Black Ice – A Novella Chapter 1

By Kerry Xiong

 

If it was up to Peng, he wouldn’t do it. No. He disliked, terribly. He hated it in fact. The thought of it made him so sick, and he doesn’t say that lightly too. The thought of it literally makes him physically sick; he feels like he’s eaten something bad, like chemicals are brewing in the pit of his stomach, and the only way to expel them is to vomit. Yeah, it’s that kind of sick. Every time he did it, he questioned the purpose of his life. “Is this all that life is?” He introspects. “Why? All of this for what?” But he knew the answer all along. All of this to make Niam (mother) happy.

If only he was brave enough. If only he wasn’t so scared of letting Niam down; he would do what he wanted for once and not care about what came after. He wouldn’t mind a care about who his actions affected. He would be reckless, in fact. He would not come home when he was expected. Instead of coming straight home from class, he would go to a bar with his friends. Or he would tell Niam that he was stuck on campus, studying for a final when actually he was just parked out in a parking lot somewhere playing Tetris on his phone. The thought of that made him chuckle. She would never guess that he’d lied to her. Peng never lied. It was a sin to lie to one’s parents. He’s always known that. But what if. What if he was brave enough, oh the things he’d tell her.

But if he was really brave enough, he’d end it all now. Some days while driving home from campus, he imagined how it’d feel like to drive off of the I94 bridge into the Mississippi River, never to be seen again. Or will he be seen again? He’d never know. In his fantasy, however, the cops would come with one of those forklift things and claw his raggedy car out of the river, like the toy that it was. And his good-for-nothing body would still be glued onto his chair, somehow, because while diving in, he was probably too scared to let go of the steering wheel. He rolled his eyes, now, annoyed at the thought. Idiot.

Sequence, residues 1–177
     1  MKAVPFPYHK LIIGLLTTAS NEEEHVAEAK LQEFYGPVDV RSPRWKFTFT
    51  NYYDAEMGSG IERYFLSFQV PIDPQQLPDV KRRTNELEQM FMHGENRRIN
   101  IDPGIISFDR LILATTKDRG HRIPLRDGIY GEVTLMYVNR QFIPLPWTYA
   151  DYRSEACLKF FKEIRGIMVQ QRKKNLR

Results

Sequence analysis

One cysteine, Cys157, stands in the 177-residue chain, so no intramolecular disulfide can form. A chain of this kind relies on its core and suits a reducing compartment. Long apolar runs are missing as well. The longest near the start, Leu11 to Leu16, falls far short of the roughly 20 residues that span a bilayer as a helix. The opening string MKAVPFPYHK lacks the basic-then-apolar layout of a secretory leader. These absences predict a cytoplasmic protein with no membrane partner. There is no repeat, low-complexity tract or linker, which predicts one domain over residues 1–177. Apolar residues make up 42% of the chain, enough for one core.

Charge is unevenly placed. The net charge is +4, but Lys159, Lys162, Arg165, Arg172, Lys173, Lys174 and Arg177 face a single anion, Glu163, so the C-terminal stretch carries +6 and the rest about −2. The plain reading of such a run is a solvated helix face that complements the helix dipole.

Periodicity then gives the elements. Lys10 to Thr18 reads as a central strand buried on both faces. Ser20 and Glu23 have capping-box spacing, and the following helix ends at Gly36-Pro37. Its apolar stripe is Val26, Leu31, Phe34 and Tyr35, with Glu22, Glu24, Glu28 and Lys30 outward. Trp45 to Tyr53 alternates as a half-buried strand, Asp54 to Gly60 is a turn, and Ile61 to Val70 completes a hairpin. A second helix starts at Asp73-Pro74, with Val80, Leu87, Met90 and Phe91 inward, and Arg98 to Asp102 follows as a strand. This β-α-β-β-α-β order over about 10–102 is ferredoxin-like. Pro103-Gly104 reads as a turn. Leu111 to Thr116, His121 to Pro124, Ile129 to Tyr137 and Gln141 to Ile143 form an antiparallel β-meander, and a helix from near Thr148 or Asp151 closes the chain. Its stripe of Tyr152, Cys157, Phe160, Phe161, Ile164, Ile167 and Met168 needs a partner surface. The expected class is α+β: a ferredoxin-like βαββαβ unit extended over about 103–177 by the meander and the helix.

Maybe, it would be easier to end it all by driving off the big, circular highway ramp into its central swamp. That would make sense, especially during the Minnesota winters. The plan was practically foolproof. His sedan was already in trashy condition, no one would question how it “accidentally” skidded off a super slippery highway ramp. It couldn’t be ruled as suicide. Definitely not. That way, Niam can collect the life insurance on his head, too. That’ll leave her comfortable, Peng thought. She wouldn’t have to worry so much about him every single day. And he wouldn’t have to dread his life every single day. She wouldn’t have to work so hard to cook for him every single day. And he wouldn’t have to wish he’d never been born every single day. He sighed. If only he was that brave.